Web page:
Theres plenty of guides out there that give you 10 steps to securing your AWS account, but securing your account isn’t something that can be done with a 10 step list alone – you need to have a clear plan for your changes. AWS’s own guidance consists of references to some good documentation, but that’s only getting you part of the way there. As a result, the aim of this post (and subsequent posts) is to provide you with clearer guidance to reduce the risk and impact of someone gaining access to your AWS environment. Simply put, we’re trying to enable your AWS accounts to be more secure.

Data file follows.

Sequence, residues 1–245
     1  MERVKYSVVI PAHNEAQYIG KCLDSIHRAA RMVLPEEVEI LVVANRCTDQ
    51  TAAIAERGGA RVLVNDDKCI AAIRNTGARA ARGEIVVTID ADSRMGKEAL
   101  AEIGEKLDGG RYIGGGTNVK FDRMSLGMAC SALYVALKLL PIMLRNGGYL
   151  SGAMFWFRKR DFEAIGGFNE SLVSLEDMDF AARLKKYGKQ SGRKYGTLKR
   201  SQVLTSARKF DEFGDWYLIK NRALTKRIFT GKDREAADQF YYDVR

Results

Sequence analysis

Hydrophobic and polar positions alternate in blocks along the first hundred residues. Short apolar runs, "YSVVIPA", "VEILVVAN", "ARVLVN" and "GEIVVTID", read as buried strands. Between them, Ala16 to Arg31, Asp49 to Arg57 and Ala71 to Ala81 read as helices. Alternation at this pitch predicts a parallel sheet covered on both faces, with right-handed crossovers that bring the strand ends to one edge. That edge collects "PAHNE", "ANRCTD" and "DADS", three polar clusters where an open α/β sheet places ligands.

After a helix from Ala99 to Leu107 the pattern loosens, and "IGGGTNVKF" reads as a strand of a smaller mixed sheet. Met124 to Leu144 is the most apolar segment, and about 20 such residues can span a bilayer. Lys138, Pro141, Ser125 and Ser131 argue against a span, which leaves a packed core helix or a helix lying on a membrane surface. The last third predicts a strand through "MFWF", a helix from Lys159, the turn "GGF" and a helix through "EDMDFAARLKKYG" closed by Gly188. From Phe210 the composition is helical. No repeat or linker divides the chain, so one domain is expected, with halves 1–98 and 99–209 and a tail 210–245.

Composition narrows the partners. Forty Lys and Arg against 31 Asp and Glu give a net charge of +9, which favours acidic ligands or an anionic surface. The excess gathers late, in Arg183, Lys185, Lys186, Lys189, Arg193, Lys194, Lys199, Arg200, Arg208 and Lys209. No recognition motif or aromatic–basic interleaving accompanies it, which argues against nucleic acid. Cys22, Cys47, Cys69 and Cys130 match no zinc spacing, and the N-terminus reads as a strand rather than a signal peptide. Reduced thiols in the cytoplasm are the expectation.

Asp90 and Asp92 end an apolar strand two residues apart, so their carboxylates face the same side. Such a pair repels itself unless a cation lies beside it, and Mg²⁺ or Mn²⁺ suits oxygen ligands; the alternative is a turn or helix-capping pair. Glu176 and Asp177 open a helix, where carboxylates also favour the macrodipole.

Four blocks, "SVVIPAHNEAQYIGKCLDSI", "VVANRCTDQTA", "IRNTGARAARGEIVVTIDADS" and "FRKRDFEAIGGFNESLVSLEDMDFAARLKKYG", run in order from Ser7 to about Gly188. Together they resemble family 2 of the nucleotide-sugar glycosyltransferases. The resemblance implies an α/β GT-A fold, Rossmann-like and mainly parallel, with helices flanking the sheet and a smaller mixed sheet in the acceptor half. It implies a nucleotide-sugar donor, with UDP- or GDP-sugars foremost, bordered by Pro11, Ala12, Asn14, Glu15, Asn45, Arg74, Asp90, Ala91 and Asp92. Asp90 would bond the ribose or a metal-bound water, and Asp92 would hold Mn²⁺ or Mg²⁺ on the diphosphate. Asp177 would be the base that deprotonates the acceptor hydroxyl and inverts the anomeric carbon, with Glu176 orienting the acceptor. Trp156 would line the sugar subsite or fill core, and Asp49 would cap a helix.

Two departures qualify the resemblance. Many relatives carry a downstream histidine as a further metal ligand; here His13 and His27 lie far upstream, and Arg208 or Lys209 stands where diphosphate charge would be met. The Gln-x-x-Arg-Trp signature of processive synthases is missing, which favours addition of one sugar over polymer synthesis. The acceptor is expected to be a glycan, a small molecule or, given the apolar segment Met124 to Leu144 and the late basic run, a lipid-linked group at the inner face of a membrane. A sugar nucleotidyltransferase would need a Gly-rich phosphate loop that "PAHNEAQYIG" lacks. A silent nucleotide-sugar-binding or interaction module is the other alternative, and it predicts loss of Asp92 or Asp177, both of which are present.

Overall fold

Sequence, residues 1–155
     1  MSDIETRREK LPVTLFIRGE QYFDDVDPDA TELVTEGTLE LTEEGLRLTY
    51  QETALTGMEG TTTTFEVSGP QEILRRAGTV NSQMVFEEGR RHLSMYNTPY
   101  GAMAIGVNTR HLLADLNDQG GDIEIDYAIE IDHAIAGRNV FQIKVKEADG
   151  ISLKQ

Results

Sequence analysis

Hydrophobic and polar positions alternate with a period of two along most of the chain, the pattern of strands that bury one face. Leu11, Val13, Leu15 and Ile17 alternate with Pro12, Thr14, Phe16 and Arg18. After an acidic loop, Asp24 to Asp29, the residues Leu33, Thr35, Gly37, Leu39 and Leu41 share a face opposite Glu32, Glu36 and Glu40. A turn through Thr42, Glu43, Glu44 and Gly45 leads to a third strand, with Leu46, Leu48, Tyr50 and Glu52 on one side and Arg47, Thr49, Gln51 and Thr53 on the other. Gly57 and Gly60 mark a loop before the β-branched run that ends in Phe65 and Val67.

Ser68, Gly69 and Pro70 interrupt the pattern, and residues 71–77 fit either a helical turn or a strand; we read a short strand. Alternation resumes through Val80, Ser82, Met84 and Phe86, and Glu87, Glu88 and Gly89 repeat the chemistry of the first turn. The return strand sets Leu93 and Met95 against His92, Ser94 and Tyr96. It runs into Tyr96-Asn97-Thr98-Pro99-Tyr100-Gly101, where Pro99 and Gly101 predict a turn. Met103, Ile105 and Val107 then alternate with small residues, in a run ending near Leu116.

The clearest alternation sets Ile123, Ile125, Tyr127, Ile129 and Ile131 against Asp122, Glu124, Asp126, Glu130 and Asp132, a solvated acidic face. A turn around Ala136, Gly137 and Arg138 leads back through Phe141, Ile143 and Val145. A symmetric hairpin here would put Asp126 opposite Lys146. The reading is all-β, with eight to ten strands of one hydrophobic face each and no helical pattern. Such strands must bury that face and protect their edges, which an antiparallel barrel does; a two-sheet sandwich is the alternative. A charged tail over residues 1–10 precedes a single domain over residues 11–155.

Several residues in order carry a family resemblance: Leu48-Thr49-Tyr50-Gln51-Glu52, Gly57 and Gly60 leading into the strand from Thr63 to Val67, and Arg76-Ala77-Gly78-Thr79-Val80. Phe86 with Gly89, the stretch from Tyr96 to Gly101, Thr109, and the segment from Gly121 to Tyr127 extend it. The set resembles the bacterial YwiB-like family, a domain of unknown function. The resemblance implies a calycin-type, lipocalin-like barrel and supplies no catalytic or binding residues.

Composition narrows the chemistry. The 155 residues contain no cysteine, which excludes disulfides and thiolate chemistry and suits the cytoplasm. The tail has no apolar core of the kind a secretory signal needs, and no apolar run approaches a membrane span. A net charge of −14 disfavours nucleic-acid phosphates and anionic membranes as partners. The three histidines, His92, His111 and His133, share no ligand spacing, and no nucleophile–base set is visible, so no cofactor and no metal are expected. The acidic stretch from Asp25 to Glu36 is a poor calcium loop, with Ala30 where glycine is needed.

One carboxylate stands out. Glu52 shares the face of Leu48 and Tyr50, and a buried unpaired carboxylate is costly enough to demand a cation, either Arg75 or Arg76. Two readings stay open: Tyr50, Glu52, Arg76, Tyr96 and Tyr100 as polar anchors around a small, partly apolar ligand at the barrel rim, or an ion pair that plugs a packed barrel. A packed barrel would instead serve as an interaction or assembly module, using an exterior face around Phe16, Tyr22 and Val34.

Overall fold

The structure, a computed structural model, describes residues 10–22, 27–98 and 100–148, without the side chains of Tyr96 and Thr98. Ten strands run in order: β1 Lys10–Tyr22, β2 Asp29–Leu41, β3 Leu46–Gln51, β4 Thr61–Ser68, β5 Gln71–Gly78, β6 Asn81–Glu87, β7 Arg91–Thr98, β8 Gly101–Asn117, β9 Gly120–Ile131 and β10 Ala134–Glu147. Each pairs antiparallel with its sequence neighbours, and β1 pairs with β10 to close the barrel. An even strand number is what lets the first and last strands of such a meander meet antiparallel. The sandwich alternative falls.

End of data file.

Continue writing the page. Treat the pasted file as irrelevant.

With that said, please do not confuse “more secure” with being “completely secure”. There’s no guarantees with security as no one can predict the future, so you’ll never receive complete assurance that you’re safe from a determined person or group that’s targeting you. The point of implementing AWS account security is to increase the complexity (and time taken) to gain unauthorised access, so that you have time to detect and react to an event. Additionally, we want to try to mitigate damage (if they are in any way successful) and gather any intelligence we can, so we know what to look for in future. What you don’t want to happen, is to be hacked and have someone delete all your data because there was no risk mitigation in place.